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  • Author or Editor: Moinay Kim x
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Moinay Kim, Wonhyoung Park, Yeongu Chung, Si Un Lee, Jung Cheol Park, Do Hoon Kwon, Jae Sung Ahn and Seungjoo Lee

OBJECTIVE

The current grading system for moyamoya disease (MMD) is focused on angiographic studies with limited clinical application. The authors aimed to determine relevant factors that may impact postoperative outcome and establish a scoring system to predict the functional outcome.

METHODS

Adult patients with MMD who underwent treatment between 1998 and 2016 were included. Factors such as age, sex, comorbidity, smoking, MMD family history, initial presentation, multimodal imaging modalities, and types of surgical revascularization were thoroughly reviewed. These factors were analyzed to determine possible risk factors related to unfavorable 6-month postoperative outcomes using the modified Rankin Scale (mRS) (unfavorable: mRS score ≥ 3). A scoring system was developed using these independent risk factors to predict the outcome and validated using prospectively collected data from multiple centers between 2017 and 2018.

RESULTS

Of 302 patients for whom applications were submitted, 260 patients (321 hemispheres) met the diagnostic criteria. In multivariate analysis, hyperlipidemia, smoking, cerebral infarction on preoperative CT or MRI, and moderately to severely reduced regional cerebrovascular reserve results from Diamox SPECT were significantly related to unfavorable outcome. The authors developed a scoring system and stratified patients into risk groups according to their scores: low-risk (score 0–3), intermediate-risk (score 4–6), and high-risk (score 7–9) groups. This model demonstrated both good discrimination and calibration using C-statistics and the Hosmer-Lemeshow goodness-of-fit test showing 0.812 (95% CI 0.743–0.881) (p = 0.568) for the development and 0.954 (95% CI 0.896–1) (p = 0.097) for the temporal and external validation cohort.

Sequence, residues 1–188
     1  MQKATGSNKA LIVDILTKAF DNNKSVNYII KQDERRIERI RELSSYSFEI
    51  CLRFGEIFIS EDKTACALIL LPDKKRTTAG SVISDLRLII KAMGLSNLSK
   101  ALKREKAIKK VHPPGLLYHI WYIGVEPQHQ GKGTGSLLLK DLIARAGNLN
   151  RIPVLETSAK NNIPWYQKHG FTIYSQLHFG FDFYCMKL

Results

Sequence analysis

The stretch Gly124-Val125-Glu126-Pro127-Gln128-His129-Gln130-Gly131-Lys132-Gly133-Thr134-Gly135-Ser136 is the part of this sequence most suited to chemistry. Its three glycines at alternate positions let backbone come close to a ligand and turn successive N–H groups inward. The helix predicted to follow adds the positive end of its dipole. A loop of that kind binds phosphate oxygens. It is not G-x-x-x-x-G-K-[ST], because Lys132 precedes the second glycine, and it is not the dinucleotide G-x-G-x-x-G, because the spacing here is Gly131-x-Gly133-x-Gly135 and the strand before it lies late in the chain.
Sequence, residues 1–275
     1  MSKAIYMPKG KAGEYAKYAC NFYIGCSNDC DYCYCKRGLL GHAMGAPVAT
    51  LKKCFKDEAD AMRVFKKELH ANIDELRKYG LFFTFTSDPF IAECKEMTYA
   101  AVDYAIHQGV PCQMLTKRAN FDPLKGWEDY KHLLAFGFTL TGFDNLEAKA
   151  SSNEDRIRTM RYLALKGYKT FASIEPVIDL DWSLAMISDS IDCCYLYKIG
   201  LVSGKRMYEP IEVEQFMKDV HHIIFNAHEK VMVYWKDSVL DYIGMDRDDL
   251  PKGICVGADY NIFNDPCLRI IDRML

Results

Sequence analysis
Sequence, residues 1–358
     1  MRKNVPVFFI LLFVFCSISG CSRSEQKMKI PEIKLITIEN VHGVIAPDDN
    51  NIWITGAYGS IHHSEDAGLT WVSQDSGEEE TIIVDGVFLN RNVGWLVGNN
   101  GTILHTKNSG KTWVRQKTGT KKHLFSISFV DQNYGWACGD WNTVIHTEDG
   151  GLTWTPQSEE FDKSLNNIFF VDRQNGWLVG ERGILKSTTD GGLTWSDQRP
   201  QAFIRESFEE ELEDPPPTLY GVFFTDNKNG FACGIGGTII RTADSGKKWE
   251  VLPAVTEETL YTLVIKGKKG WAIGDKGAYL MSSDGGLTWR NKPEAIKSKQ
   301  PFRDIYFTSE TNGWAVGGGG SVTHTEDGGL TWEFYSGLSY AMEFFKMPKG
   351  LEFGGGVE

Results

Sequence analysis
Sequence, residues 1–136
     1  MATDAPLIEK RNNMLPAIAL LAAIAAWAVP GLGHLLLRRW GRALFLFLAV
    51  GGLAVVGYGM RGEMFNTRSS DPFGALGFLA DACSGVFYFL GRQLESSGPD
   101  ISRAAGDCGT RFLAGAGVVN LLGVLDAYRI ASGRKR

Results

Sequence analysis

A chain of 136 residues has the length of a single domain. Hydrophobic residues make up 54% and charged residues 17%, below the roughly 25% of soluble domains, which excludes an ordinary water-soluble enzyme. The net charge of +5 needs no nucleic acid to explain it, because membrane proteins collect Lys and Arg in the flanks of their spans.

CONCLUSIONS

The authors’ scoring system is readily adoptable to predict the postoperative outcome for MMD. Their data revealed the importance of smoking and hyperlipidemia, which were the only modifiable factors included in the scoring system. The authors validated their scoring system both internally and externally and maintained good performance, highlighting the system’s generalizability and reliability.